I had a short essay featured as part of Kendall Reviews’s Books of Blood Advent Calendar in December, where each story from Clive Barker’s classic series was discussed by an author — you can read “In Praise of Paradox: ‘The Madonna'” here.

I did an interview with Eerie River Publishing in support of their anthology It Calls from the Doors, featuring my novelette “The Waiting Room”, and you can read that here.

In non-writing news, I’m working on art ideas for my brother Ethan’s third album, and I recently recorded some bass for a new icecocoon single. Here’s a pic of me laying down the law.

Pic by Owen Gillett. Yes, I’ve been losing weight.

Since I’ve left it so long between posts, I guess there’s no point in me doing my semi-regular Best of the Year lists. Let me just say that my favourite albums of 2021 were by such luminaries as Mastodon, th1rt3en x Pharoahe Monche, Halsey, Carcass, Ministry, Garbage, Mr. Bungle, Jerry Cantrell, Steven Wilson, Weezer, Tomahawk, Rob Zombie, Cradle of Filth, Fear Factory, Converge, Lorde, John Carpenter, Lingua Ignota, CHVRCHES, Lana Del Rey, Godflesh, Shihad, Nick Cave and the Bad Seeds, and The Veronicas. I greatly enjoyed books by Sarah Bailey, Stephen Graham Jones, Carole Johnstone, Grady Hendrix, Angela Slatter, Stephen King, Ramsey Campbell, Catriona Ward, Megan Abbott, Nina Allan, Steven Hall, Mike Thorn, Ronald Malfi, J.S. Breukelaar, Philip Fracassi, Silvia Moreno-Garcia, Christos Tsiolkas, Catherine Jinks, Riley Sager, Virginia Feito, J. Ashley-Smith, Gordon B. White, Alan Baxter, Rebecca Fraser, Junji Ito, Silvia Canton Rondoni & Silvia Nieta, Jess Zimmerman, Steven Hyden, Dave Grohl, Nikki Sixx, and Seth Rogen. I don’t have a handy list of my favourite films and TV shows, but they include Doctor Who: Flux, Candyman, Brand New Cherry Flavor, Mare of Easttown, Last Night in Soho, Gunpowder Milkshake, In the Earth, Censor, and The Night House.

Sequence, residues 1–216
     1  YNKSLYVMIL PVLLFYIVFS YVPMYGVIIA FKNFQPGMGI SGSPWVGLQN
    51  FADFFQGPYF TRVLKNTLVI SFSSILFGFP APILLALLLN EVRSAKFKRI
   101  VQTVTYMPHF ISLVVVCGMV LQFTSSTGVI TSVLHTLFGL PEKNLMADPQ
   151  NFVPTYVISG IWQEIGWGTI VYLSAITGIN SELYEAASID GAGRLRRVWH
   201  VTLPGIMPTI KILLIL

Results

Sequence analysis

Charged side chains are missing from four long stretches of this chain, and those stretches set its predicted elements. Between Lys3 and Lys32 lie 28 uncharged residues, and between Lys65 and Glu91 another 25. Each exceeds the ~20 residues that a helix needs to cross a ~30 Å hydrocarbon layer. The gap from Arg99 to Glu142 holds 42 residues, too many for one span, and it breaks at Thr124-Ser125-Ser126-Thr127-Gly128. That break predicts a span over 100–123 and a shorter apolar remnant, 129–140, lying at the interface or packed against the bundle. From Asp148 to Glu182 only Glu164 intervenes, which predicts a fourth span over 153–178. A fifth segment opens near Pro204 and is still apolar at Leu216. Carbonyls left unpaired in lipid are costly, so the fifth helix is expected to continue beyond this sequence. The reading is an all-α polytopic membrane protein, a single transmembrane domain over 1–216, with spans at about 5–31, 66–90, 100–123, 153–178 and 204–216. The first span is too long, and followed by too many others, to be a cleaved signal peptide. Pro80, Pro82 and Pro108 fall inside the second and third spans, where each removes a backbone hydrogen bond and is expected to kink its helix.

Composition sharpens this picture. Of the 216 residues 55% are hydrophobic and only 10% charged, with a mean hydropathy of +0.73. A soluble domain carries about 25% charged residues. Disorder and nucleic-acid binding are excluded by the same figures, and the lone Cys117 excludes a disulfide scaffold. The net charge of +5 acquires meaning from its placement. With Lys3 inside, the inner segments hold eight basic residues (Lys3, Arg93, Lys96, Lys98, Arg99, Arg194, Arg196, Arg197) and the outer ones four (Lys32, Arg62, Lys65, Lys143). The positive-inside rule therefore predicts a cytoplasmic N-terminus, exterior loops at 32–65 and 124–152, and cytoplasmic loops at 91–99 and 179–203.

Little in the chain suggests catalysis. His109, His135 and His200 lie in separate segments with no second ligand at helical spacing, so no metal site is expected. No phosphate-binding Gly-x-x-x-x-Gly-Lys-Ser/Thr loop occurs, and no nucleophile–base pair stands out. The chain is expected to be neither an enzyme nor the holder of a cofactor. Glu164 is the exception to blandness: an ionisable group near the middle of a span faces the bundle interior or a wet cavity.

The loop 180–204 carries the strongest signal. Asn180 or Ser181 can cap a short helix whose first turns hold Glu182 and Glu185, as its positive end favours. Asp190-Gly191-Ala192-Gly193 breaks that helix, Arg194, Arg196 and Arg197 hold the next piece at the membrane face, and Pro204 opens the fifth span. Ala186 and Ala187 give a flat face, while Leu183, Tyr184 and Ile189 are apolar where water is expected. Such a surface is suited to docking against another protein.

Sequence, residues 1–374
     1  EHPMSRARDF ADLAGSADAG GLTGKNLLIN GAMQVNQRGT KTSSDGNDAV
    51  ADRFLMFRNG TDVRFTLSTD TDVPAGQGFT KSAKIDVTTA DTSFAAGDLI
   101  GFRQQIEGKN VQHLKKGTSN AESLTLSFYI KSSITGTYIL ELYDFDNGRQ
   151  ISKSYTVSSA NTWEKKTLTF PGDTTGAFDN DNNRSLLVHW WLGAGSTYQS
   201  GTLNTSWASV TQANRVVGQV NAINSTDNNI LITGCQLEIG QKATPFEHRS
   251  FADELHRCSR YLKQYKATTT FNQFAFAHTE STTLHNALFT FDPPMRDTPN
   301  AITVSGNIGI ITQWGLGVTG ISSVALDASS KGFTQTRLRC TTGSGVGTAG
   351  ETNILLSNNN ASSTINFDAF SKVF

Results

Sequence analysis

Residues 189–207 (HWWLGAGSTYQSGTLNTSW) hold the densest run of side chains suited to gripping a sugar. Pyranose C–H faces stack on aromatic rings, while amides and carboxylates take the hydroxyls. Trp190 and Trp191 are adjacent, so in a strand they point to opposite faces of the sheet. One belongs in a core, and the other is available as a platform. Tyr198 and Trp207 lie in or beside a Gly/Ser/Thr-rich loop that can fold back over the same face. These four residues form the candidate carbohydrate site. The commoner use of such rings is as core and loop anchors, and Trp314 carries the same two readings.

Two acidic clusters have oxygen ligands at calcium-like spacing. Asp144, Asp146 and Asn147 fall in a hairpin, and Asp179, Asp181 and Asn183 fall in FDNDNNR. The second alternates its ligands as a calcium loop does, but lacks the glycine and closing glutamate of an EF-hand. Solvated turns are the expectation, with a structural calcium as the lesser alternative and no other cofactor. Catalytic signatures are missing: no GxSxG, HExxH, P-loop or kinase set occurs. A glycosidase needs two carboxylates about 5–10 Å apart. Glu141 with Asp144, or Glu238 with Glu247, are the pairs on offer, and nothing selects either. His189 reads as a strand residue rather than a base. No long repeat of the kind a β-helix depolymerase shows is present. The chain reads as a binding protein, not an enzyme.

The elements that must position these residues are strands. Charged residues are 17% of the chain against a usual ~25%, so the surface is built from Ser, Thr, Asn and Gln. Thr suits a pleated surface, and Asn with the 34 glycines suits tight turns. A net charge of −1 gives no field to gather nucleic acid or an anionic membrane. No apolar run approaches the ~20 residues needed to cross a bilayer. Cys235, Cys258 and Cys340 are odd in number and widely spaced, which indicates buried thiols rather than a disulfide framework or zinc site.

I hope you’re all well and remain so. Keep kicking, my friends.


Remission: Waiting for Blogot

Okay, once again I have been remiss in updating my blog, so there’s a bit to get through! (And yes, that’s a Beckett gag in the title.) I was waiting on confirmation of a few things before I blurted about them — read on to find out what…

First of all, I recently learned that my collection If Only Tonight We Could Sleep was namedropped by the one and only Ellen Datlow in Best Horror of the Year: Volume 13. Holy wow! Ellen is the editor on the global horror scene, so to make it onto her radar, even in such a small way, is a bit of a coup. Sadly, she misspelled my name, but at least it wasn’t yet another Davies…

It Calls from the Doors, featuring my novelette “The Waiting Room”, is out now, and you can find it here among other places. I’ve also had a couple more book reviews posted on Horror Oasis – you can read my thoughts on Gordon B. White’s new novella Rookfield here, and Philip Fracassi’s limited edition novel Boys in the Valley here.

Haunted, an anthology from Specul8 Publishing featuring my novelette “Hell’s Teeth”, will be available from December 24. Tales of the Lost Vol. 3, another charitable anthology from Plaid Dragon Press that features my novelette “Vigil at Singer’s Cross” alongside reprints by some amazing authors like Peter Straub, is currently being crowdfunded here and they hope to have it out in December. Look out for another guest post on Kendall Reviews shortly — they’re doing an advent calendar in December based around each story in Clive Barker’s Books of Blood, for which I’ve written an essay.

“Dawn Dressed in Rain”, an emotive paranormal story that is basically a fiction adaptation of The Cure’s “From the Edge of the Deep Green Sea”, has been accepted for Propertius Press‘s Draw Down the Moon, which should be out any day now. “Jaws of Glass” has been accepted by Scare Street for their Night Terrors anthology series, and that’s where things get really interesting — because I wrote that story with one Roger Davis, otherwise known as my dad! Explanation: my father, who has been a published cartoonist amongst many other things but never a published writer (though he’s occasionally bashed out a quick shocker), sat down early last year and knocked out a quick piece inspired by a surprise sliding door he encountered in North Adelaide, which he then offered to me in case I wanted to do anything with it. Intrigued by the idea of a collaboration, I rewrote the story from top to tail, retaining the plot and characters and adding in a few little details of my own. Soon my father can truthfully claim to be a published author — and if you don’t like the plot or the twist it takes at the end, blame him, because they’re his!